It might seem odd to think of Jesus changing his mind. But the scriptures reminds us “he grew in wisdom, age and grace.”

It is almost the definition of childhood to outgrow childish ideas. Perhaps our classic experience is the question of Santa Claus. At some point, we let go of this and other magical beliefs of childhood.

I wonder what some of the beliefs were that Jesus had to let go of.

In his adult life, Jesus had regular interactions and conversations with the scribes, Pharisees, and teachers of the law — highly educated men with a vast knowledge of the Jewish faith.

But, there is not a single account in Scripture where a man manages to change Jesus’s mind.

The two people who changed Jesus’s mind were, in fact, both women.

Two women

His mother

The first was none other than Mary — his own mother.

The story is found in the Gospel of John, where Jesus is attending a wedding reception. It must have been quite an occasion because, at some point, the wine began to run low. At Jewish wedding feasts, which went on for days on end, this would have been a complete embarrassment to the hosts.

Mary brings the dilemma to Jesus and pleads with him to do something about it. Jesus responded by saying: “Why are you telling me this? It is not yet time for me to begin my work.” In other words, “Not now, Mom!”

Yet we know he performed the first of his signs for her

The Canaanite  woman

Another woman, a Canannite, comes to begging Jesus to save her demon-possessed daughter. (Matthew 15:21-28)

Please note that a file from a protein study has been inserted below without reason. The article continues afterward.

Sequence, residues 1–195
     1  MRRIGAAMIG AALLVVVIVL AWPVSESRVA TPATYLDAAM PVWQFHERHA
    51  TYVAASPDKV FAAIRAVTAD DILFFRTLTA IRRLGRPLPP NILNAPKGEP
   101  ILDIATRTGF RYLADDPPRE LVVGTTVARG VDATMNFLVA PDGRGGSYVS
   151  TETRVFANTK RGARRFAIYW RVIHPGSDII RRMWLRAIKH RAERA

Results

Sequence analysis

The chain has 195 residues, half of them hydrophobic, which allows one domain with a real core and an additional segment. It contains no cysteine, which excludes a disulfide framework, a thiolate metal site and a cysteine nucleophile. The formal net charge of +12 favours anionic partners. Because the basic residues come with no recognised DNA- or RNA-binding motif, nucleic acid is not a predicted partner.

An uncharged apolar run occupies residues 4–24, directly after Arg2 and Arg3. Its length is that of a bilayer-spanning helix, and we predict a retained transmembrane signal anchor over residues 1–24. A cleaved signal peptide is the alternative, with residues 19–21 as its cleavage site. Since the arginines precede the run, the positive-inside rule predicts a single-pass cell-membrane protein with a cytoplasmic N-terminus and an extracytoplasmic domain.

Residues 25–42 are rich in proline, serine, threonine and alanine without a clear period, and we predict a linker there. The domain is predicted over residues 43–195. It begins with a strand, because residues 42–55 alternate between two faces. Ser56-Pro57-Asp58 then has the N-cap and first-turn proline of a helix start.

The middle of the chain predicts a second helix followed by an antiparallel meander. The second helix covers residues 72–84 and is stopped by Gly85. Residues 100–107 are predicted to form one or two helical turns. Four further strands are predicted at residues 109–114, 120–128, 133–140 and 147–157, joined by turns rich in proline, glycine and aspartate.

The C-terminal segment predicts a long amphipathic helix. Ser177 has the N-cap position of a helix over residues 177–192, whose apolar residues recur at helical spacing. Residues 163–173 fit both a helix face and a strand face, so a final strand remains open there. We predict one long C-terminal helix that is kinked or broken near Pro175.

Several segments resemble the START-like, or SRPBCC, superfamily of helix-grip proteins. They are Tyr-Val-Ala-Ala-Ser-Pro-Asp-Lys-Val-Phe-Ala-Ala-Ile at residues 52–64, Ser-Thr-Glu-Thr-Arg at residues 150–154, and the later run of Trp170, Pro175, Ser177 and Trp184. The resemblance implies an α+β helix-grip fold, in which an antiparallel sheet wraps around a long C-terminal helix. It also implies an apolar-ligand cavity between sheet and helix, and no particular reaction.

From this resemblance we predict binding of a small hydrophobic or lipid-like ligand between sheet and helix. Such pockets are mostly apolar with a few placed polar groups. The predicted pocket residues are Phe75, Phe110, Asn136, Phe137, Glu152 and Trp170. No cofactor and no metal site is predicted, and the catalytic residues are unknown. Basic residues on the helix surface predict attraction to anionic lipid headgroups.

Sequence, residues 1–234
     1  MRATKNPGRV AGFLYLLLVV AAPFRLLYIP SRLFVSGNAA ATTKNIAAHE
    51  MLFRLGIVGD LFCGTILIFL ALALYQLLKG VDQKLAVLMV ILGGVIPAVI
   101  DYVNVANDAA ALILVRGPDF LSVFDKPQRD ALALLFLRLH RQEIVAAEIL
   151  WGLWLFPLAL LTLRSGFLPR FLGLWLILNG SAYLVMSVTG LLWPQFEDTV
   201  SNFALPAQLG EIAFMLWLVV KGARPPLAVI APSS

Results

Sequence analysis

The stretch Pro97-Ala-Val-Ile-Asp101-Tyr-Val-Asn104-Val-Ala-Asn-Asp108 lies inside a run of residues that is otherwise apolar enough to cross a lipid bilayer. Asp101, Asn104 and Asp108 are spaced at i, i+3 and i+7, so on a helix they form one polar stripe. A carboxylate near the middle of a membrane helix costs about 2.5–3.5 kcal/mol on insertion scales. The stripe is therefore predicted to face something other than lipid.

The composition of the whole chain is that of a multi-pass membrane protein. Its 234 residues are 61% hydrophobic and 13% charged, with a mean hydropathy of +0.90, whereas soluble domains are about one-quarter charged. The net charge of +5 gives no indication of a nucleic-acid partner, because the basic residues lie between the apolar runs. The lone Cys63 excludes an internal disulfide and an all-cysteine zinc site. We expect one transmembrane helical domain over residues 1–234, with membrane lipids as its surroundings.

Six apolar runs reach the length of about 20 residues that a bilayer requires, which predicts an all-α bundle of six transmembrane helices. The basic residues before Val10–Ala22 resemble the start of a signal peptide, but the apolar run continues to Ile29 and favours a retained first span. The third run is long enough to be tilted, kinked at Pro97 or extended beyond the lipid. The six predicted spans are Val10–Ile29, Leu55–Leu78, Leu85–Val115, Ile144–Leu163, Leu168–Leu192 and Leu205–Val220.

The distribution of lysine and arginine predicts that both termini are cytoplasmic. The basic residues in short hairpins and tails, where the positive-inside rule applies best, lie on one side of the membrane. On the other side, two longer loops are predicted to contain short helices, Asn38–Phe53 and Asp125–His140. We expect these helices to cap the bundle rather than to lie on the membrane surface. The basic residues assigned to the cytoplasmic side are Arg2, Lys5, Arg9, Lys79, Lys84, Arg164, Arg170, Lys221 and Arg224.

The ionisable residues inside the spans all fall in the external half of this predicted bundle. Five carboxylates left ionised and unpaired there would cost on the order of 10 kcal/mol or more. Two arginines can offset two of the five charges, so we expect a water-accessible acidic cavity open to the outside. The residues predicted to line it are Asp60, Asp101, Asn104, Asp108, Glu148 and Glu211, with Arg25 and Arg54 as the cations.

Keep in mind the Caananties were the equivalents of the modern-day Palestinians who inhabited the land of Israel before the Jews resettled it for themselves. You can imagine the hostility between them at so many levels.

 Initially, Jesus rebuffs her: “God sent me only to the lost sheep of Israel.” In other words, Jesus says: “What you’re asking me to do is outside the scope of my mission.” However, the woman persists. She impresses Jesus with her perseverance and faith. Jesus relents, changes his mind, and heals her sick daughter.

The common request

Both women both were asking Jesus to change his mind about something very significant, an aspect of his mission.

Mary was asking him to begin his mission early. The Caananite women was askng him to expand his mission beyond the lost sheep of Israel. Had he come to realize a deeper dimenension of words well known to followers of Sts. Vincent and Louise.

“The Spirit of the Lord is upon me,*

because he has anointed me to bring glad tidings to the poor.

He has sent me to proclaim liberty to captives and recovery of sight to the blind,

to let the oppressed go free, and to proclaim a year acceptable to the Lord.”

Had he come to understand  the words of Is 43:6  Indeed He says,

‘It is too small a thing that You should be My Servant To raise up the tribes of Jacob, And to restore the preserved ones of Israel; I will also give You as a light to the Gentiles, That You should be My salvation to the ends of the earth.’ ” (

The Great Commission is a term used to describe the final instructions and commissioning that Jesus gave to his disciples before his ascension into heaven.

Do we need to change our minds about who and under what circumstances we reach out to Gentiles of our day?

Clkck below for an early audio version of this Vincentian Mindwalk